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The Increasing Residential Nil Rate Band

  What is the Residential Nil Rate Band? The Residential Nil Rate Band (RNRB)...

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The Increasing Residential Nil Rate Band

6th April 2018

News : Wills & Probate

 

What is the Residential Nil Rate Band?

The Residential Nil Rate Band (RNRB) came initially came into effect 6th April 2017. It applies to property gifted to children (or grandchildren etc) on death. Up to £100,000 (2017/2018) of property can be gifted to children without incurring inheritance tax. This is addition to the standard Nil Rate Band (currently £325,000).

As of 6th April 2018, the RNB increases to £125,000.

 

What conditions are attached?

It must relate to your residence (so cannot be used, for instance, against a holiday home).

It must pass to a direct descendent. This is defined quite widely, and can include step-children, and other ‘children of the family’ such as foster children.

If your property is worth less than the available RNRB, it cannot be set against any other assets or any other property.

The  gift must be immediate on death (not as ultimate beneficiary of a life interest trust for example).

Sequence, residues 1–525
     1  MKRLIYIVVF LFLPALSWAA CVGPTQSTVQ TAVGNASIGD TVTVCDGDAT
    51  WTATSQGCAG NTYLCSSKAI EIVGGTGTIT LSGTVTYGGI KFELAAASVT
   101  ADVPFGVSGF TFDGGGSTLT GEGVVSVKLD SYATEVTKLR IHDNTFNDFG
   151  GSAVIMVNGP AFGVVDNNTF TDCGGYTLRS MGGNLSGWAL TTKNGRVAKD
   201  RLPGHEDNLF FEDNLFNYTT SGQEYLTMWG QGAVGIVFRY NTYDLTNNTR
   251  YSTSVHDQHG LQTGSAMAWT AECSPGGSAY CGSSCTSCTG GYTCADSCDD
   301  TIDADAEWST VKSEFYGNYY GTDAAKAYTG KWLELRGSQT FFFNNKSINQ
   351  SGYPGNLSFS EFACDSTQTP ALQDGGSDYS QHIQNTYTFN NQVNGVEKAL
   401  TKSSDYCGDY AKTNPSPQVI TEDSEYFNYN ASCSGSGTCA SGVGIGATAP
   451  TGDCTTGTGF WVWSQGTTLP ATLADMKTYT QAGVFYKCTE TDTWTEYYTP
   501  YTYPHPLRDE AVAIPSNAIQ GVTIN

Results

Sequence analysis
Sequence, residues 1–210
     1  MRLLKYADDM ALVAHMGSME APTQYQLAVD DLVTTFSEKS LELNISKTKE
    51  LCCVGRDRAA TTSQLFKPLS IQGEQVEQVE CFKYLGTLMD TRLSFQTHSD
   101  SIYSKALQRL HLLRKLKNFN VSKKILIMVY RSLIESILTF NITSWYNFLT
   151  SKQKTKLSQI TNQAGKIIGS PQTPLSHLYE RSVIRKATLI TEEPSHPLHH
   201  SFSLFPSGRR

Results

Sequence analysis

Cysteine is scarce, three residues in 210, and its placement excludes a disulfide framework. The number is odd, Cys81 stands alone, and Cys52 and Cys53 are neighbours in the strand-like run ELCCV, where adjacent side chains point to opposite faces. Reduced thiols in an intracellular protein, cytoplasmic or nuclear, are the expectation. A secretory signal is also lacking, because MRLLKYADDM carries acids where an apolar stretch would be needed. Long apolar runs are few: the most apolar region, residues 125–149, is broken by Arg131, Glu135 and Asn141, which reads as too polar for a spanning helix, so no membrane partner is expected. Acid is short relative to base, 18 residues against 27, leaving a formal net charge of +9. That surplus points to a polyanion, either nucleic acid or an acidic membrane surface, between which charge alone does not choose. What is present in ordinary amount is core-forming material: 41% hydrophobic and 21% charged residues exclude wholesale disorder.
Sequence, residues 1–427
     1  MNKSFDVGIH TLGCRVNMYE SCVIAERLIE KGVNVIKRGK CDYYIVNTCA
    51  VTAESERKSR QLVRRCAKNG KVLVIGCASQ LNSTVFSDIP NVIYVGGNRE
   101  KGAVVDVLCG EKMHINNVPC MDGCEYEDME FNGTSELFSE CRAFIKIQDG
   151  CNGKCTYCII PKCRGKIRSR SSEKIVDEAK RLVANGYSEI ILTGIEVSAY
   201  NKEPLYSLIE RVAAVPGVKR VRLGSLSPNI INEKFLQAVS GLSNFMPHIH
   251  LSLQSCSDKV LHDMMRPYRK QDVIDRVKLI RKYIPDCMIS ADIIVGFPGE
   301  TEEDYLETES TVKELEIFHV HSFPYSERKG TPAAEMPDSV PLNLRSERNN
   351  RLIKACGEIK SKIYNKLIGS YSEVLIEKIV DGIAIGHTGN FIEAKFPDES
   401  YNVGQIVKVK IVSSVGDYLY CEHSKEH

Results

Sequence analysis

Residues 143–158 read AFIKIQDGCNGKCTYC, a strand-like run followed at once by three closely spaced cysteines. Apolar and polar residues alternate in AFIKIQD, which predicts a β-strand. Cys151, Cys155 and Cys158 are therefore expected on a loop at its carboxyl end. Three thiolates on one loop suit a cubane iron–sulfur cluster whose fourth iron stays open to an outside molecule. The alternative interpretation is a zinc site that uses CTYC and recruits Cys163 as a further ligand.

What about my spouse?

 

Like the standard Nil Rate Band, the Residential Nil Rate Band can be ‘doubled up’ between married couples. This means that, assuming that you initially leave all of your estate to each other, when you both pass away you can benefit from a Residence Nil Rate Band of £250,000. As above, this is in addition to the standard Nil Rate Band which can ‘double up’ in the same way.

So for married couples, leaving their home worth £250,000 or more to their children, they can give away up to £900,000 without incurring an Inheritance Tax charge.

 

What if my partner and I are not married?

 

Unfortunately the ‘double up’ effect described above only applies to couples who are married or in a civil partnership. Neither for the standard Nil Rate Band and the Residence Nil Rate Band.

 

What if I don’t have any children?

 

The Residence Nil Rate Band is only available if the asset in question is passed to a child (or grandchild etc). Unfortunately, gifts to other relatives (such as nieces or nephews) would not be eligible for the Residence Nil Rate Band.

 

What else should I be aware of?

 

Inheritance tax is not always a straight forward issue. It is possible to make provision, during your lifetime, to plan ahead for how your loved ones might be affected by any inheritance tax bill on your death.
The Wills and Probate solicitors at Poole Alcock can help you plan ahead, and provide Inheritance Tax advice tailored specifically to your circumstances. To ask any questions you might have, or to book an appointment, call us on 0800 389 7093. Alternatively you can visit our wills and probate services page here or complete the form linked here and we will call you back.

 

 

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